About the Trimark Anti-Piracy Solution

Martin Brinkmann
Jun 9, 2007
Updated • Jul 19, 2013

I first read about Trimark at the Torrent Freak blog. This new anti-piracy solution targets websites and the Usenet by scanning the contents for serial numbers that have been implemented into music files. An identified serial number would lead to the owner - the person that purchased the music - who will be held reliable for the damages caused by the spreading.

The article did not contain information about the technology behind Trimark other than that the "identification code maintains it’s integrity, despite copying or ripping." This is a very bold statement and I personally don't think that such a system will be possible unless they implement it in music that can be purchased in digital form only.

Trimark assumes that users who spread music are purchasing it before they spread it. While this might be true for the occasional P2P user this does not hold true for the big release groups. They get their stuff directly from the producers, the factory or a retail store without a possibility to be identified.

Several cases speak for themselves where music albums have been found on P2P networks weeks or even months before the official release date.

Let us suppose they release Trimark and integrate it into all digital mp3's that are sold:

  • This does not bother the release groups who spread the music albums way before anyone else gets their hands on them.
  • This does not bother users who rip audio CDs and make them available on P2P.
  • This does not bother users that record Internet radio and share it.
  • This does not bother the users who know about Trimark.
  • This does not bother downloaders at all.
  • The main target as I can see it are the users who do not know about Trimark and upload some of their purchased songs to the Usenet. I'm not able to estimate the number but I personally do not think that it will be such a large amount of users.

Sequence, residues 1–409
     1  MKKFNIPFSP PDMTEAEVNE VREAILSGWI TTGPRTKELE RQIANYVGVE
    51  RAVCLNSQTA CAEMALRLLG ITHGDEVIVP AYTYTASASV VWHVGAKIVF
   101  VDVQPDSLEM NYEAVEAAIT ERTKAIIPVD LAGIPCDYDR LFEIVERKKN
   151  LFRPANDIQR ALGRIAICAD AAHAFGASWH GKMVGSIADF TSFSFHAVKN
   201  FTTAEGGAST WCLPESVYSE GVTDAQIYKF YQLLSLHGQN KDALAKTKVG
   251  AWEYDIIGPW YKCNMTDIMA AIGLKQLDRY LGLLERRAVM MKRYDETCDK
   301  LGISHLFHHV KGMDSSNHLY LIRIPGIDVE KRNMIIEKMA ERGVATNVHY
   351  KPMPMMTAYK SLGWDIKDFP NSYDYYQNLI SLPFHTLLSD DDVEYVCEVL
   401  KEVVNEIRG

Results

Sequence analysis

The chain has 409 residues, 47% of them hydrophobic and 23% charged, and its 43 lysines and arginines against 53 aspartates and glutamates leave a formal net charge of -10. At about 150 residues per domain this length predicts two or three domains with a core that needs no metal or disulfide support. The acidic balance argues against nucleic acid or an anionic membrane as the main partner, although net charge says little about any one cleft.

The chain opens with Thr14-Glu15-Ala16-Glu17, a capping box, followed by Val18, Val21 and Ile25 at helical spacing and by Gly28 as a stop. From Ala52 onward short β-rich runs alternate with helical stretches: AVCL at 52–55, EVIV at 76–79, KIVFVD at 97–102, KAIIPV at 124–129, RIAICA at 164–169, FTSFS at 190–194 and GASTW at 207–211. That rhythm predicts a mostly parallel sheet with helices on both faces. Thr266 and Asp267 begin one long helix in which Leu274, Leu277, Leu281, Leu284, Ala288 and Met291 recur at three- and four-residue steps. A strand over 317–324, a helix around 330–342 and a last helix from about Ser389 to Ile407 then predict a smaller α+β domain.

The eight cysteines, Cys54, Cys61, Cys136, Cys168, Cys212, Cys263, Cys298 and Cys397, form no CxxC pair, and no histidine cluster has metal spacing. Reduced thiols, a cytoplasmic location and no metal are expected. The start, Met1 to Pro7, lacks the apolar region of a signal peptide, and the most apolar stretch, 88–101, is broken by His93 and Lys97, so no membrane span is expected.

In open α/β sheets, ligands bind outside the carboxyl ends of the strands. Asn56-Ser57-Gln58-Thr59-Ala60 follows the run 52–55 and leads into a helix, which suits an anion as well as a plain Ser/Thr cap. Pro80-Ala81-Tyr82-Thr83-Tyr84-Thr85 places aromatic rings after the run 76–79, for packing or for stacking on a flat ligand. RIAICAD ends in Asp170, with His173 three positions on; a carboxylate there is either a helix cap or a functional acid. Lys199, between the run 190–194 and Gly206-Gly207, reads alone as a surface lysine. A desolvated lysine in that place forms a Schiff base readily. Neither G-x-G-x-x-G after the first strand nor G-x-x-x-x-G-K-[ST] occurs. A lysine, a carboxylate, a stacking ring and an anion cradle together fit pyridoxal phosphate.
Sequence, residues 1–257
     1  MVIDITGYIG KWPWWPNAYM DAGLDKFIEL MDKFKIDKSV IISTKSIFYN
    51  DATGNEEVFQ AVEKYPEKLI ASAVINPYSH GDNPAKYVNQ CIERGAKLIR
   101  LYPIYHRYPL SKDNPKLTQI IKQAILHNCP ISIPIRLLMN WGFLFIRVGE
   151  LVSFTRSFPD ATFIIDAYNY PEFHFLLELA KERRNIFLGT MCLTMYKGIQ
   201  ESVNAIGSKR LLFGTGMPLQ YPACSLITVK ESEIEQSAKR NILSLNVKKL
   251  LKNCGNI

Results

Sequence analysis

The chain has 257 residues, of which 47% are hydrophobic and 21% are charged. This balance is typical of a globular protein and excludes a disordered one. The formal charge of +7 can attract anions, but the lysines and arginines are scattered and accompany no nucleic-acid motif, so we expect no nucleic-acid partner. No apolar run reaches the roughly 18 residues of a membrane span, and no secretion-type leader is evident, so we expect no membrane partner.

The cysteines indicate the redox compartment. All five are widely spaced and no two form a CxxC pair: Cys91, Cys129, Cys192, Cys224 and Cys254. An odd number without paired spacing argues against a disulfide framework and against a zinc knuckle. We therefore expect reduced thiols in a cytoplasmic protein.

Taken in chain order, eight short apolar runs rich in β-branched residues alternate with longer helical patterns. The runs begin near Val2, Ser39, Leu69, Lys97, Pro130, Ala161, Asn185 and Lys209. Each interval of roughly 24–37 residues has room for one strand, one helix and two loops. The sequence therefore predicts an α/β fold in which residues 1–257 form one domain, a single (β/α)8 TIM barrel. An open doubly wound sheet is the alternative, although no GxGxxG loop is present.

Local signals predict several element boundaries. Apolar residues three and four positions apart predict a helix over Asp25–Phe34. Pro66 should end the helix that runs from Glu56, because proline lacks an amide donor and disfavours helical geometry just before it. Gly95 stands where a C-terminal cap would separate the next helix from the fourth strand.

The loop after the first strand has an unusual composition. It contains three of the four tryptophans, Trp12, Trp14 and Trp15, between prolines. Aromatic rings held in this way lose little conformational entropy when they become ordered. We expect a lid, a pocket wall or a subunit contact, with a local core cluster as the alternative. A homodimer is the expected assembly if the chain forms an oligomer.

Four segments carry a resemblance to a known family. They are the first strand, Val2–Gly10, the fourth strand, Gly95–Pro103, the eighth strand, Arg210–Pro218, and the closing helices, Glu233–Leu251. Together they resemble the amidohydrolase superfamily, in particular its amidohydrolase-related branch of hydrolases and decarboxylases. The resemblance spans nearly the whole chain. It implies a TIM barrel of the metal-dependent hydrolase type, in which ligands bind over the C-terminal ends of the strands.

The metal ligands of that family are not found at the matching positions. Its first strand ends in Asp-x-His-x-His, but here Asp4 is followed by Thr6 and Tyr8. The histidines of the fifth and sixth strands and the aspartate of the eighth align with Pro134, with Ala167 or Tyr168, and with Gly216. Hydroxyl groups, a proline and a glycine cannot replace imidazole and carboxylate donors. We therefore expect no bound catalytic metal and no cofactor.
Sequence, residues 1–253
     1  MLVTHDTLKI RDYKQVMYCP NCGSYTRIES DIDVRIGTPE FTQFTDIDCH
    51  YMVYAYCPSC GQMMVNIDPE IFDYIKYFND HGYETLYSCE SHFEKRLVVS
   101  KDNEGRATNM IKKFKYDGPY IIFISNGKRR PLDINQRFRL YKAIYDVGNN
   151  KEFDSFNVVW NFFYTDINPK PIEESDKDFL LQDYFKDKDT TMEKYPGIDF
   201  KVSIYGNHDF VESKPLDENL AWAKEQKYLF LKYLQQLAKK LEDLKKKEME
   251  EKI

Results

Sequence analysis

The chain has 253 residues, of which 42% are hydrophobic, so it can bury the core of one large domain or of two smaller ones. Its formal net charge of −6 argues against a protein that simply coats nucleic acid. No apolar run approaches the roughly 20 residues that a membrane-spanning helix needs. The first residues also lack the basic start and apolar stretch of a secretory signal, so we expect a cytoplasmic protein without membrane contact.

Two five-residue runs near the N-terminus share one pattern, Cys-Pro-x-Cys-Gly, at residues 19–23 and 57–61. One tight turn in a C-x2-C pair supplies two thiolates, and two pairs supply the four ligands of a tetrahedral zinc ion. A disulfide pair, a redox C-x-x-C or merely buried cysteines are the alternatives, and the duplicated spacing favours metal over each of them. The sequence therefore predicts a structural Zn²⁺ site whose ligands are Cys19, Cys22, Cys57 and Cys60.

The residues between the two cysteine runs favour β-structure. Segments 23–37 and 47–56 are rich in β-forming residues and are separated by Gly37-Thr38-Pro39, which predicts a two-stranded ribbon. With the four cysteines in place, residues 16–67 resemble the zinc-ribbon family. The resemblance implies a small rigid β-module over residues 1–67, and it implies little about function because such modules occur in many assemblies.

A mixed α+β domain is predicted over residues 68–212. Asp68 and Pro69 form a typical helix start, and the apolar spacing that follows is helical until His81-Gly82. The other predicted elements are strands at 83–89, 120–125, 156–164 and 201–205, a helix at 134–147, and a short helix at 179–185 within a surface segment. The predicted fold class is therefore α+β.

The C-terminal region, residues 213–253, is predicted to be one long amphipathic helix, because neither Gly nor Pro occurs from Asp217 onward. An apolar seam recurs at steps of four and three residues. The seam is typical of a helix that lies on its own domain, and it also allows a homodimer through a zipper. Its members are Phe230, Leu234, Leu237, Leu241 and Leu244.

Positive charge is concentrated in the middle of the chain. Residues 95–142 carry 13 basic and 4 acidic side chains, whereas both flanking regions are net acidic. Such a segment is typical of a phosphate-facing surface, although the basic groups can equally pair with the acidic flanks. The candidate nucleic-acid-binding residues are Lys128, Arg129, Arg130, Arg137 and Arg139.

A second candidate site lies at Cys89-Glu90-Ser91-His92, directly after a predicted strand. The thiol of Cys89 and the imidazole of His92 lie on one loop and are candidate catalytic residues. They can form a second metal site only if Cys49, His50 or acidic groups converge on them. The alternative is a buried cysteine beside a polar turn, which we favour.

I can only come to the conclusion from what we know about Trimark that the system will be highly ineffective. As always, the only users that are found this way are the ones that are not informed about this new system.


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  1. OLIRC said on June 10, 2007 at 4:41 pm

    Nope Dante. No years of experience in this field other then i had music been stolen from cars several times so it’s not completely unbelievingly.

    Of course if we talking about millions of music tracks then you’re busted in court.

  2. Dante said on June 10, 2007 at 4:19 pm

    Sigh… another armchair lawyer. Years of experience in this field I see. The court will listen to that particular argument. Than note that your music has been “consistently” stolen and posted on the Internet. Guess what will happen next?

  3. OLIRC said on June 10, 2007 at 11:45 am

    What if you get your music stolen because you left your player in a car for example? Nah can’t say that this “Trimark solution” stand a chans in court because everyone will state that they got their music player stolen so eat that Trimark!

  4. Dante said on June 9, 2007 at 3:11 pm

    Anyone stupid enough to buy overpriced Apple products, like the iPod and pay for iTunes gets this embedded into their music. But than nobody ever said Apple users had any IQ larger than their shoe size.

  5. gnome said on June 9, 2007 at 2:47 pm

    Lovely post ;)

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